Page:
(It’s Monday morning and I’m sitting in the half-light because of an unscheduled lights-out courtesy of our trashed power supply company. Mind you every cloud has a silver lining and Eskom has given me uninterrupted time, uninterrupted by internet and telephone calls, in fact uninterrupted by anything that requires electricity. While I’m chatting to you, I came across a wonderful smart phone app for checking the load shed schedule called “Eskoms se push”, haven’t we all wanted to scream that at the top of our voices ?)
On Friday evening we went to Evita se Perron to listen to the ‘Bottomless Coffee Band’. Before I go any further; congratulations and respect to Evita se Perron’s Ilsa Swanepoel for engaging this exceptionally talented duo to perform along with all the other fine visiting performers she engages.
Source of image at the top of the page: Bottomless Coffee Band website.
(We are very fortunate that all those years ago Pieter-Dirk Uys got lost on his way to McGregor and found Darling. By the end of his lunch he had found an estate agent and before he left to return to Cape Town he had found and bought a house. Then he moved in, bought the Old Station and created Evita se Perron.)
BCB refer to themselves on their website as “Husband & Wife Multi-Instrumentalist Folk Rock Duo, Lourens and Esté Rabé making songs about life, love, blues and breakfast”.
They performed much of their own music along with other favourites, a little Johnny Cash, a brilliant blues number (dexterity playing the guitar behind his head) and even a touch of Reggae. Their version of the favourite Laurika Rauch song “Stille Waters” was beautiful. The way they blended on this song and interacted on stage transformed a beautiful song into pure theatre.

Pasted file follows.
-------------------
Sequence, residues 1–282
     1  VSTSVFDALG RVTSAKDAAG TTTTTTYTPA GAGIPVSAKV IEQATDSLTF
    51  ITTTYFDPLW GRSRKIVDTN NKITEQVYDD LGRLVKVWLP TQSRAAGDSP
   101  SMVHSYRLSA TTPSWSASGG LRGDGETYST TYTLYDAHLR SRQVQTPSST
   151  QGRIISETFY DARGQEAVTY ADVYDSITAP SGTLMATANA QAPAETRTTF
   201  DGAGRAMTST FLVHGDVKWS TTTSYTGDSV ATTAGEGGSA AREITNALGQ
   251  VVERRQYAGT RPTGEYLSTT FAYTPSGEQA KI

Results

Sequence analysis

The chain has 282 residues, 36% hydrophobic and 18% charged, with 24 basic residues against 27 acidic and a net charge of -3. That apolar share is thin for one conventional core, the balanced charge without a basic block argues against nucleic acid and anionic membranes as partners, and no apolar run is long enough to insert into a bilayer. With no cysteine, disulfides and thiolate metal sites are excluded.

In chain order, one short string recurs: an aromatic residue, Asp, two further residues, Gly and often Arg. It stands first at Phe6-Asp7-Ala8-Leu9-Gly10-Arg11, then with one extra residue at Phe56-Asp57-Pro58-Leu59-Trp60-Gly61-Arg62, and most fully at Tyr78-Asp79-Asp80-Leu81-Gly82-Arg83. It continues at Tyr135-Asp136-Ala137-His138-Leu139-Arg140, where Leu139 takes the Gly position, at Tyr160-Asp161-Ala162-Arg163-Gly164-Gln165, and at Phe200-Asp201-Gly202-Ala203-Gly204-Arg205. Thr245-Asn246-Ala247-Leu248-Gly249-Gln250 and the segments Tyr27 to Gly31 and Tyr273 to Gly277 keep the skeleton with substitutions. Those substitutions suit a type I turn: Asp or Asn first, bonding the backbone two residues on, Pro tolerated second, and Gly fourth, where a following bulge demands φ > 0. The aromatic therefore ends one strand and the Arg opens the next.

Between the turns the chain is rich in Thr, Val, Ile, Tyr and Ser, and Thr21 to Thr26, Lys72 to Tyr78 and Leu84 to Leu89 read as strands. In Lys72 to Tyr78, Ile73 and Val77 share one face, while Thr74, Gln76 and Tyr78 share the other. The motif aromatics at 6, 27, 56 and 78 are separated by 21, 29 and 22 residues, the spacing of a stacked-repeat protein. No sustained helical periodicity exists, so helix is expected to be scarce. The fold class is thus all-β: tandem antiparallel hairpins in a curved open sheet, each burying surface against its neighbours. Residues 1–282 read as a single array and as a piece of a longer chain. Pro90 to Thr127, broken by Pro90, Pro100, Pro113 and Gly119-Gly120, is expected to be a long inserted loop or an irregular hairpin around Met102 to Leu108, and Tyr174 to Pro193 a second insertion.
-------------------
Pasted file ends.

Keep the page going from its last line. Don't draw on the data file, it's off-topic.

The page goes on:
I overheard the comment a couple of times, “but they play too much of their own music which I’ve never heard before, I prefer the old standards”. Well each to their own. It’s just as well that the young people of Liverpool didn’t react the same way to the Beatles when they appeared at the Cavern playing their own compositions.
I will concede that a balance between oldie favourites and the Band’s fresh new music might have worked well on the night, given the audience age and language demographics. For me they got it absolutely right and I enjoyed every minute.
He plays a foot drum which involves great dexterity and coordination between toe and heel using both feet. I imagine he might have been a very fine footballer, South Africa’s Lionel Messi perhaps, had he not chosen a career in music.
They brought along their own sound engineer. He stood to one side about half way back in the theatre with a wireless control box about the size of a tablet which gave him full control of all the instruments on stage wirelessly, the wonders of technology.
For this simple soul it was the perfect evening. Starting with a plate of the Perrons’ shoe-string chips (to which I am addicted) and a well chilled ‘Frostie’. Then the stars of the evening, he looking in love and she looking radiant. They are a very appealing couple, both very attractive and both very talented. I suspect we are going to lose them to the overseas market sooner rather than later.
During the show Lourens told a story about the days when they were starting out and the band had 8 members, he, 6 others and Esté. When they were playing the audience would chat but as soon Esté sang there was silence.
Their encore was a very cleverly constructed ‘mashup’ with Andrew Lloyd Webber’s Pieu Jesu …..and rock and roll, a marriage made in heaven.
pictures courtesy Stefan Hurter.
P.S. They met at Stellenbosch while singing in the choir. During a cup of coffee and then another cup of coffee they discovered their mutual love of making music. Now they are married. Their chemistry on stage is inspiring. Their movements around the stage to get together and to move apart to suit the moment and the technical requirements, are very compelling.
If they are appearing near you don’t miss them.